My dad always said to me "When I start to become a burden, however slight, bang me in a home". Of course, I'd never have done so, and didn't get the chance cos he died before that stage arrived. But people do have different views on what is the best for the elderly, and they are mostly valid to some extent.

All sorts of care is out there, mostly expensive, the cheapest seems to be the Care Home however funded, cos they have 20 or so residents. Individual care in the home is naturally more expensive per person, and for most people not an option. You won't find anything perfect. You will only find something satisfactory. It is sad, but true. But not sad if you think of what might be the case if you weren't there to arrange it.

I'm not saying any more cos I can't add anything useful.

Discuss, think carefully, be gentle with everyone (ha, ha, that's a laugh coming from me, but I'm trying to learn from all the nice people on this site), and when you make your decision, feel glad you have done it in the best way possible. It might not be ideal, but you will have done it with all the information you had at the time. You can't ask for anything more.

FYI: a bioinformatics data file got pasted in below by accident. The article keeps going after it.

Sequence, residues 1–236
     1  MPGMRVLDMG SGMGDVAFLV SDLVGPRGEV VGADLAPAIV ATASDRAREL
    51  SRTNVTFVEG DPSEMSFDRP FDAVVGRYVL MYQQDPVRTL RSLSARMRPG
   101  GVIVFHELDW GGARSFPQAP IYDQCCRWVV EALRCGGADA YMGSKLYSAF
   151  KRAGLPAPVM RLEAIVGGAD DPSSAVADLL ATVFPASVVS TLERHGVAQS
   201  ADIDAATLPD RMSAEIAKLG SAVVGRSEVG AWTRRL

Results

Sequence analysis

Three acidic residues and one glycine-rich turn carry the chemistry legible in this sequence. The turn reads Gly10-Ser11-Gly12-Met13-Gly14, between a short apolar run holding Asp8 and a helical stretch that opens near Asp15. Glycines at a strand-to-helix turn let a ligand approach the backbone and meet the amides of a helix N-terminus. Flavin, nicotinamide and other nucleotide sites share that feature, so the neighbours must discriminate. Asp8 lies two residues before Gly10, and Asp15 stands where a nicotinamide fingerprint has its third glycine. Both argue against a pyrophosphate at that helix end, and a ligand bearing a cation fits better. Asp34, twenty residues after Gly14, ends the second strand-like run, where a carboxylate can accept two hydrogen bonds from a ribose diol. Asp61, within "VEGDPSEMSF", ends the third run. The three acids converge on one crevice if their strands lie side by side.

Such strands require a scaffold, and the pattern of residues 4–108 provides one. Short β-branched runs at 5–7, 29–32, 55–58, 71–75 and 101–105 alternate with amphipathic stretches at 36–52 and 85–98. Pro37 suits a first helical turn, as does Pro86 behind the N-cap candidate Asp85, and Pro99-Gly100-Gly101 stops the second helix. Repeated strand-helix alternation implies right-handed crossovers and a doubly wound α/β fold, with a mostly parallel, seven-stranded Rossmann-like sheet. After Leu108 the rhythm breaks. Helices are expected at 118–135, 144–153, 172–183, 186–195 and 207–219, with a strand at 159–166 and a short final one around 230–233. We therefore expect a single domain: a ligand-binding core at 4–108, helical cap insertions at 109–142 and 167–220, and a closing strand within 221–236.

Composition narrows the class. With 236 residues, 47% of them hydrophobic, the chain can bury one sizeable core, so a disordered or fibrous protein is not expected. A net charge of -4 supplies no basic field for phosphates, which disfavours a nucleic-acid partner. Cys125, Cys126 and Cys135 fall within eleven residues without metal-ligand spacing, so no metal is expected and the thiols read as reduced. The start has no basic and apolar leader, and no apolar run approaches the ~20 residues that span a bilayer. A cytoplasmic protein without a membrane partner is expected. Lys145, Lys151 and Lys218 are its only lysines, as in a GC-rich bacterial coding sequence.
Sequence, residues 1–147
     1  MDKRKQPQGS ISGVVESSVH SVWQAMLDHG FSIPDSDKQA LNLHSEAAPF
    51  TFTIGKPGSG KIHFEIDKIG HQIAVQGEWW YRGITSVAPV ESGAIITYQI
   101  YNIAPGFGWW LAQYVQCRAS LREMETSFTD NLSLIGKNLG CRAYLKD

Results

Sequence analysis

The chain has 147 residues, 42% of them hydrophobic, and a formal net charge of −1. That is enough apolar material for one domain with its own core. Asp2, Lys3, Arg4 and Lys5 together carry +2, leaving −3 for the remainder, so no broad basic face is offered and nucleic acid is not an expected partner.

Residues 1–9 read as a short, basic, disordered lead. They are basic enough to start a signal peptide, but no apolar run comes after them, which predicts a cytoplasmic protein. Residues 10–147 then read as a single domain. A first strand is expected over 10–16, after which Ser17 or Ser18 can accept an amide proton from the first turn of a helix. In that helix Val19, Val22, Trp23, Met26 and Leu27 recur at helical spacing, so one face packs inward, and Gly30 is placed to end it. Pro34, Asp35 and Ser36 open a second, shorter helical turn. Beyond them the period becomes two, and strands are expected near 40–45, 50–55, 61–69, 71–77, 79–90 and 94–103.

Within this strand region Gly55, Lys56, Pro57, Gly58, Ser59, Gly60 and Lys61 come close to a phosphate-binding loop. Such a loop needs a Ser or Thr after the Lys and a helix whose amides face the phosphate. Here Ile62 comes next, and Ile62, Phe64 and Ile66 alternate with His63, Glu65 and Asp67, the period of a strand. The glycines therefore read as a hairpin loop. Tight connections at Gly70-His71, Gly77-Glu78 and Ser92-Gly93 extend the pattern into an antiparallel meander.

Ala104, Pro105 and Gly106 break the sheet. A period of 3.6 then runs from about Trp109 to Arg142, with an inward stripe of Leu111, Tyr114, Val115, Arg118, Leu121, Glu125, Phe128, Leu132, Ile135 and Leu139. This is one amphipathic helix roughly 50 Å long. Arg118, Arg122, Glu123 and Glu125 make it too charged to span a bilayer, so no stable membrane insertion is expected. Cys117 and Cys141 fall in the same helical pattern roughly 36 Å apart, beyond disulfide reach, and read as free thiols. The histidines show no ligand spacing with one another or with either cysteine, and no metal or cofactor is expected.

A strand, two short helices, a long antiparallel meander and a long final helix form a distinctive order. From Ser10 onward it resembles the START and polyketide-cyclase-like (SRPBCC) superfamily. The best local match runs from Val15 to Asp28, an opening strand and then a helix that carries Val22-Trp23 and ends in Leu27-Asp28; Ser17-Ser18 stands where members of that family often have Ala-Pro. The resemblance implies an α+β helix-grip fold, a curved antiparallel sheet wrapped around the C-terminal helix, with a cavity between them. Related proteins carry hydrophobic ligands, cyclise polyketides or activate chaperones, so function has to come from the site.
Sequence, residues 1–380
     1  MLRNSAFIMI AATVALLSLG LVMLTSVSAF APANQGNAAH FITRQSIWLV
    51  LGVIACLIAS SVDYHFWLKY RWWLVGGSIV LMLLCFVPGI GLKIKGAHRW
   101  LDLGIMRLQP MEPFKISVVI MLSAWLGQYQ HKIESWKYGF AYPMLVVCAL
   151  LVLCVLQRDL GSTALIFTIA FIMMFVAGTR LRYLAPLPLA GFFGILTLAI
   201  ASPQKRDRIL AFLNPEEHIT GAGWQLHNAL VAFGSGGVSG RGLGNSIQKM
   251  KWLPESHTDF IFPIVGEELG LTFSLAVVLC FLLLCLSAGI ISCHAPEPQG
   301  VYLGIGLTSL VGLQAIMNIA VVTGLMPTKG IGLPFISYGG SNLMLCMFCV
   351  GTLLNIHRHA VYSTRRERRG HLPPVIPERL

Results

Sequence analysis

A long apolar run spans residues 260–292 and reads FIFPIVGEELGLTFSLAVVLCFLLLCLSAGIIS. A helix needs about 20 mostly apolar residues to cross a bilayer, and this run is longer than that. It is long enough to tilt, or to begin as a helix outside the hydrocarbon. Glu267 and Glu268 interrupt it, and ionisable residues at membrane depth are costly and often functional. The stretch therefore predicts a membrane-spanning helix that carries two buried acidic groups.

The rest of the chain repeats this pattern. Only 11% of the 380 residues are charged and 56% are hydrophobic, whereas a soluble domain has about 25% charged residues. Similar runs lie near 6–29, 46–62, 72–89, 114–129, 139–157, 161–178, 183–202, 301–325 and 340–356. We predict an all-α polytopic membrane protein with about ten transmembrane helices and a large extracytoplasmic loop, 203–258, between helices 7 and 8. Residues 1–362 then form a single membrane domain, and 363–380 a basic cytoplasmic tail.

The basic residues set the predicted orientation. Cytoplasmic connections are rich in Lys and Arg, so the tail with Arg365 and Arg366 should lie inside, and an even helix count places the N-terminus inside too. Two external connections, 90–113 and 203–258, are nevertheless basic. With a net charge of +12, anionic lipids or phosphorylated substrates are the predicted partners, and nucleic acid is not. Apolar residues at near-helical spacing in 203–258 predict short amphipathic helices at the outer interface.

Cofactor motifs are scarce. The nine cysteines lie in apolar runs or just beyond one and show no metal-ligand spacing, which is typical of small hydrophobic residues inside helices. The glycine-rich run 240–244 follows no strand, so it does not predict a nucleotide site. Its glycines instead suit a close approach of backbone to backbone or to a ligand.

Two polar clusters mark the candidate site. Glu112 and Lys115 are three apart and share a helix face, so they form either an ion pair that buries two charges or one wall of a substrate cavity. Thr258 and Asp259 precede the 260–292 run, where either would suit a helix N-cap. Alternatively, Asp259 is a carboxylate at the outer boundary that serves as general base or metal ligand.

My mum hates her new care home, not cos there is anything much wrong with it (it isn't perfect), but because she is having to sell her home. I understand that. My dad would have sold the house instantly if he had needed care, even though he spent years repairing and improving it - it was his life's work. My husband doesn't want me to sell it cos it is the "family home". The two grand-daughters think it is sad to sell the house, I think it is the sensible option and must be done pronto (and is being done pronto - lovely young local couple buying it, just the type my dad would have been glad to have his house, I am delighted, rather than the three property developers who put in bids). Well, I've always been a practical person!